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The Evolution of US Medical Device Regulation

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In Brief

Medical devices are regulated according to the same legislation as food and pharmaceuticals, under the general organization of the Food and Drug Administration (FDA). Manufacturers of high-risk devices such as heart valves and intraocular lens transplants have to demonstrate their safety and effectiveness before the devices can enter the market. One drawback is that many companies who develop these devices find the regulatory process to be very conservative, risk-averse, slow and expensive. Other organizations concerned with medical practice such as the National Academy of Medicine argue that the current pre-marketing procedures of the FDA are not comprehensive enough. Many devices are cleared for marketing because they are proven to be "substantially similar" to devices already on the market. 

History of FDA Regulation

The FDA began reviewing food and drugs in 1906 under the original Pure Foods and Drugs Act and gradually added biological products and medical devices as well as radiation-emitting products. Congress continued to expand the purview of the FDA in protecting and promoting drugs, biological products, and medical devices.

 

The development of the regulatory function of the FDA proceeded according to the following timeline.

  • 1906 - The Pure Foods and Drugs Act established the organization of the FDA.
  • 1938 - The first statute authorizes the FDA to regulate medical products.
  • 1944 - The FDA began certifying laboratories and expanded its oversight of biological products.
  • 1968 - The Radiation Control for Health and Safety Act created performance standards for radiation-emitting products and regulated exposure to electronic product radiation and intense magnetic fields.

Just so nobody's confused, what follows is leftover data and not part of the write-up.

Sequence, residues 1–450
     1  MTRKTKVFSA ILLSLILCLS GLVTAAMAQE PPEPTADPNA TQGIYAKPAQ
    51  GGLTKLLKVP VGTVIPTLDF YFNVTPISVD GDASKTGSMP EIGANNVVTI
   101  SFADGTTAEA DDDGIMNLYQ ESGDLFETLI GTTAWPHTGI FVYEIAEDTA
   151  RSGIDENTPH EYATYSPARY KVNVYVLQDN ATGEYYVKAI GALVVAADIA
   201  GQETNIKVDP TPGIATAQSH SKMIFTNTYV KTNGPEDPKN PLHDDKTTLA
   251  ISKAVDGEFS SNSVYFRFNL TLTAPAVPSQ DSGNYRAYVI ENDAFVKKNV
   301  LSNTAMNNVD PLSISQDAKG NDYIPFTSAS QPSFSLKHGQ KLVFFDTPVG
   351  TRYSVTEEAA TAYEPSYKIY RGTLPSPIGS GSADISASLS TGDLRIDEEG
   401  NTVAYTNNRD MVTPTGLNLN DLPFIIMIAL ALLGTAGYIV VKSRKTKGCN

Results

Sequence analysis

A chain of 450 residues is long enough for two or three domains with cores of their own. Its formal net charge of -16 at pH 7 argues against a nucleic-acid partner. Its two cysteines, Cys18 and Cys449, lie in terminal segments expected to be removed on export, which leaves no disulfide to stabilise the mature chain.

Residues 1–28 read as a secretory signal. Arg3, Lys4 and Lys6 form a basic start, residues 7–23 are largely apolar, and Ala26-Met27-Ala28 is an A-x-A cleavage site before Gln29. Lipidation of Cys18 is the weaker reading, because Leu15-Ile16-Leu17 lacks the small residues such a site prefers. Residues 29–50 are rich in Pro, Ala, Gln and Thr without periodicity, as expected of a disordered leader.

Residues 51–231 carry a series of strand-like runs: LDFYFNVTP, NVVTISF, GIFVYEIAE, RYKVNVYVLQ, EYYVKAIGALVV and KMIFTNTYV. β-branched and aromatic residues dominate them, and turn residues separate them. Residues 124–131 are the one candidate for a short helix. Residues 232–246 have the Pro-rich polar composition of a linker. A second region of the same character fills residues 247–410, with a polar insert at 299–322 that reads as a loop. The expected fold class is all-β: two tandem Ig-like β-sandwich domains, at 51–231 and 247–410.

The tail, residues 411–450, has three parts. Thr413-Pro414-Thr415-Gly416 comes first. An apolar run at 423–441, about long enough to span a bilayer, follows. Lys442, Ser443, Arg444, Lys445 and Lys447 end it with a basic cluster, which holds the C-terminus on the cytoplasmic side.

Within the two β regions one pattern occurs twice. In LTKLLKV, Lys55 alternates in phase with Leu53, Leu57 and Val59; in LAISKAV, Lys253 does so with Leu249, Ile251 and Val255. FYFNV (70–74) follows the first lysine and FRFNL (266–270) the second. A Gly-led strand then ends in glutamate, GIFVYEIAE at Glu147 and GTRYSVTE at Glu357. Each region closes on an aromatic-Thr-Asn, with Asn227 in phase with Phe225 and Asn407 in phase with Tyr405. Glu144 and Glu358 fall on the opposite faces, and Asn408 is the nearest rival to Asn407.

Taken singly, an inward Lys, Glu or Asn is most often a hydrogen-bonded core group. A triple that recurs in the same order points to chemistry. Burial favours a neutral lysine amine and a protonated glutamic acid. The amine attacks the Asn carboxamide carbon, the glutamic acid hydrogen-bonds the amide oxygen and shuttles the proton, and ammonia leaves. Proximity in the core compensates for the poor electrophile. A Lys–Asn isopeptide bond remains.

• 1970 - The study of medical device regulation began under Dr. Theodore Cooper's committee. The outlines of the risk-based classification of medical devices were introduced.
  • 1976 - The Medical Device Amendments to the FDA's primary authority to regulate medical devices were written. These rules require the FDA to obtain "reasonable assurance of safety and effectiveness" before marketing medical devices.
  • 1982 - The organizational units of the FDA that regulate medical devices and radiation-emitting devices merged to form the Center for Devices and Radiological Health.

This legislation evolved through several updates, including a Medical User Fee and Modernization Act of 2002. This modernization act established user fees for application reviews and set performance targets to keep review times reasonable.

 

Device Classification

The way the FDA's review works is fairly simple. Each device is classified into one of three classes. The classes are be based on the risk associated with the device.

  • Class 1 devices include low-risk devices such as stethoscopes. These devices are tested only in a general way. Tests of sterility may be performed.
  • Class 2 devices such as cat scan devices have to meet the general control standards like Class 1 devices and "special controls" as well. There may be additional labeling requirements. Class 2 devices are generally passed on the basis of the "510(k) review pathway." They pass the standard because they are similar enough to a previously cleared device that they don't need to be separately tested.
  • Class 3 devices usually sustain or support life, are implanted, or present potential unreasonable risk of illness or injury. They have the toughest
    regulatory controls. Most of these devices require Premarket Approval because general and special controls alone cannot reasonably assure their
    safety and effectiveness. A very small number of Class 3 devices that are used to treat small patient populations (fewer than 4,000 patients) can get a "Humanitarian Device Exemption" and be approved on the basis of "probable benefits."

For a more in-depth look at the Premarket Notification 510(k) process, check out our infographic.

 

The actual testing capacity of the FDA is comparatively weak. It is focused on getting medical devices to market as quickly as possible. The FDA relies on the sites that make use of these devices to report any adverse events to the FDA and the manufacturer. These reports are stored in a searchable database for public review. According to the Safe Medical Devices Act of 1990, The FDA began post-market surveillance, conducting inspections and requiring manufacturers of high-risk devices to conduct post-approval studies which could trigger recalls.

 

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 Post Tags: Regulatory